We’re learning more about what the victims of Jerry Sandusky suffered through, especially the boy called “Victim 1” whose allegations way back in 2008 triggered the entire investigation.
18-year-old Aaron Fisher is speaking out publicly for the very first time and he tells a tale of basically being stalked by the former Penn State defensive coordinator.
Fisher courageously testified against Sandusky during his June trial on 52 charges of sex crimes against children.
Fisher first reported the abuse four years ago and, as USA Today reports, says that he along with the other victims “had a very long battle to see justice done.”
At one point Fisher cays he contemplated suicide because no one believed him and it took so long to bring Sandusky to justice.
“Here I am, beside my mom, crying, telling them and they don’t believe me,” he said in an interview with ABC’s Chris Cuomo airing on 20/20 tonight at 10 p.m. ET. “I knew they wouldn’t.”
Fisher tells Cuomo how he first met Sandusky in 2005, when he was 11, after he was invited to a summer camp for the coach’s charity, The Second Mile. Sandusky, a volunteer assistant coach at Fisher’s high school, told him he had a lot of potential as an athlete. Fisher began spending weekends at his home and that’s where the abuse began.
Sandusky would pull Fisher out of his class so the terrified boy would sometimes hide in the school bathroom. But that wouldn’t deter Sandusky. Fisher tells Cuomo of one time where he ran home with Sandusky chasing him in his car.
“He once followed my bus home from school. He told me to get in the car,” said Fisher. “I took off running. He drove on the opposite side of the street, onto oncoming traffic to catch up with me, and then I ran up an alley, he went to my house and parked out front. Yeah, it was that bad.”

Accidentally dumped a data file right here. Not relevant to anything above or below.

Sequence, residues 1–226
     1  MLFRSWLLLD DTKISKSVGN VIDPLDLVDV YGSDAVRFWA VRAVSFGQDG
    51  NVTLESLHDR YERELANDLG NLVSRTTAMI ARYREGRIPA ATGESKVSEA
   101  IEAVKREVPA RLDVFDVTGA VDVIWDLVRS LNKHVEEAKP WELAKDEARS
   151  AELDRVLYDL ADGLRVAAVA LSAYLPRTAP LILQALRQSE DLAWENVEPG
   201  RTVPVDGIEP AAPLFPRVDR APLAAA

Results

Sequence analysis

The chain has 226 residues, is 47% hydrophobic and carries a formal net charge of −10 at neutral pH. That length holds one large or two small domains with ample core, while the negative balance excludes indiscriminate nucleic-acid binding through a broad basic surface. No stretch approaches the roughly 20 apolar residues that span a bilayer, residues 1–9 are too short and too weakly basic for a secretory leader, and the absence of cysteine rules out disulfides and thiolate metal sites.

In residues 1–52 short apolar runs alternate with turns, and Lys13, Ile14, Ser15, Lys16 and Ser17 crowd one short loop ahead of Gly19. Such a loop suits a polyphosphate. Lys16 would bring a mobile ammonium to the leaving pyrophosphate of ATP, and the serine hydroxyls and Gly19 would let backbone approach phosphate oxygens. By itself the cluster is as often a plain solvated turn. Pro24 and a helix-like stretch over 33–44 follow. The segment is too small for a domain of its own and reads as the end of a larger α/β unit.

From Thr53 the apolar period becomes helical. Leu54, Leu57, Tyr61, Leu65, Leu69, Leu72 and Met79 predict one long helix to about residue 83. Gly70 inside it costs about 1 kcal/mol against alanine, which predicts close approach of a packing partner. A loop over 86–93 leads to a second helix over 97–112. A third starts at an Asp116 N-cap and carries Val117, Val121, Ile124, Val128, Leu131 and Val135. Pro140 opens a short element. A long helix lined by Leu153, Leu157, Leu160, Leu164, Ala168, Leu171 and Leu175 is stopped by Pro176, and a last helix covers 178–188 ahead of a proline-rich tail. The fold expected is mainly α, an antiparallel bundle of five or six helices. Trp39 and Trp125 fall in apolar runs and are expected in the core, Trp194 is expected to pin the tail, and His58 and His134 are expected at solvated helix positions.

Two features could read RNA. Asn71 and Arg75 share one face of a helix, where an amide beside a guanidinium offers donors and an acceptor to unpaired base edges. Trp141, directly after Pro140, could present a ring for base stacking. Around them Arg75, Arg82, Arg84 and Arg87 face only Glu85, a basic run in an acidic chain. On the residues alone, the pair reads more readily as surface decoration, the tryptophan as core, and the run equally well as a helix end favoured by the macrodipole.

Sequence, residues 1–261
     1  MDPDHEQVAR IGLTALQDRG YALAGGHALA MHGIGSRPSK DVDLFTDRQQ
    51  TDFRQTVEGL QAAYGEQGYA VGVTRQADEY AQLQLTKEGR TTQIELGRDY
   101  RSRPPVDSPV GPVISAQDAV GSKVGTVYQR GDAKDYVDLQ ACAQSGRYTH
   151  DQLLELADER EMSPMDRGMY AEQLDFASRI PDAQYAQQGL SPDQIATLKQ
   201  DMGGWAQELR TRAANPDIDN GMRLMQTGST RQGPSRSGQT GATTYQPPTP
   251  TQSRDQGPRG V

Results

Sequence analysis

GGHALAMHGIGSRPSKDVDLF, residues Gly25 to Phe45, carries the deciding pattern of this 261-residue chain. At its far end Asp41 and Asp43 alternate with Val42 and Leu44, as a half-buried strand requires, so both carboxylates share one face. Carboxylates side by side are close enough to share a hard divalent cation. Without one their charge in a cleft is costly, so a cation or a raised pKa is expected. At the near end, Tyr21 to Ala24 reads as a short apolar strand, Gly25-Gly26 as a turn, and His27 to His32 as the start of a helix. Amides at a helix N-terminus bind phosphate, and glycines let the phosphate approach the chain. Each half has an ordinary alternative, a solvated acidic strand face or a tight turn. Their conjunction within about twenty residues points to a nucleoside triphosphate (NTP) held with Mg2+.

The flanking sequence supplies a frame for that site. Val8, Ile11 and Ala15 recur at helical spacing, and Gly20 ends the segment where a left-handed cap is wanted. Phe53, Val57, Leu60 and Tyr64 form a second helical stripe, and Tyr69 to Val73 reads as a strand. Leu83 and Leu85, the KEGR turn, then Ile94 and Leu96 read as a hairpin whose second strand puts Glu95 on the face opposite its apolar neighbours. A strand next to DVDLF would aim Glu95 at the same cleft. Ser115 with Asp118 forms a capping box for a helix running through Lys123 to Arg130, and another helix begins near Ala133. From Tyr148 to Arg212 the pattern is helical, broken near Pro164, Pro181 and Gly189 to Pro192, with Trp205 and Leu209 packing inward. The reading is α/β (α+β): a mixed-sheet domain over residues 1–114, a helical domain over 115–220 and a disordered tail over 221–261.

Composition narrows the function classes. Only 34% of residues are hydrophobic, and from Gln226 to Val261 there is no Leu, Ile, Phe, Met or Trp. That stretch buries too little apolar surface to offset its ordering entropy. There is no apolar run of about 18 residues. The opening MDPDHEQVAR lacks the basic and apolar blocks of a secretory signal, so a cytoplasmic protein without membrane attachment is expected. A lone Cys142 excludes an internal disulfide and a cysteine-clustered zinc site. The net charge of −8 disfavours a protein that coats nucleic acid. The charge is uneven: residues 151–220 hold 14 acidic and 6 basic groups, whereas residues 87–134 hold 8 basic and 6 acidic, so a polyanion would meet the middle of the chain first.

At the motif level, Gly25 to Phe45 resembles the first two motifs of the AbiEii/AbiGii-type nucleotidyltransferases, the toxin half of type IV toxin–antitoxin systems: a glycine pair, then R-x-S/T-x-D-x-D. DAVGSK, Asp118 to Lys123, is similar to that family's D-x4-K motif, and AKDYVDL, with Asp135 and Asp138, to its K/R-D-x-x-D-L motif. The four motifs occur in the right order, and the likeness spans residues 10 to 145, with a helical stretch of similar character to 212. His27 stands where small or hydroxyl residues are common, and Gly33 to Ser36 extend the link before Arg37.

Fisher says he doesn’t consider himself a victim. “Victim means people feel sympathy for you, I don’t want that, I would rather be somebody who did something good, like a hero or something.”
A hero indeed. Were it not for Fisher, who knows what kind of atrocities would still be underway? Sandusky was convicted in June and was sentenced to 30 to 60 years in prison for molesting 10 boys over a period of 15 years. That’s considered a life sentence for the 68-year-old. If he lasts that long. I hear those prison boys don’t take too kindly to child molesters.
You can see a portion of Fisher’s interview here where he recounts how hard it was to come forward and, when he finally did, his school principal let him and his mother down by telling them Jerry Sandusky wouldn’t do those things and to go home and think about it.
Aaron Fisher wrote a book with his psychologist and mother, Silent No More: Victim 1’s Fight for Justice Against Jerry Sandusky, that will be published next week.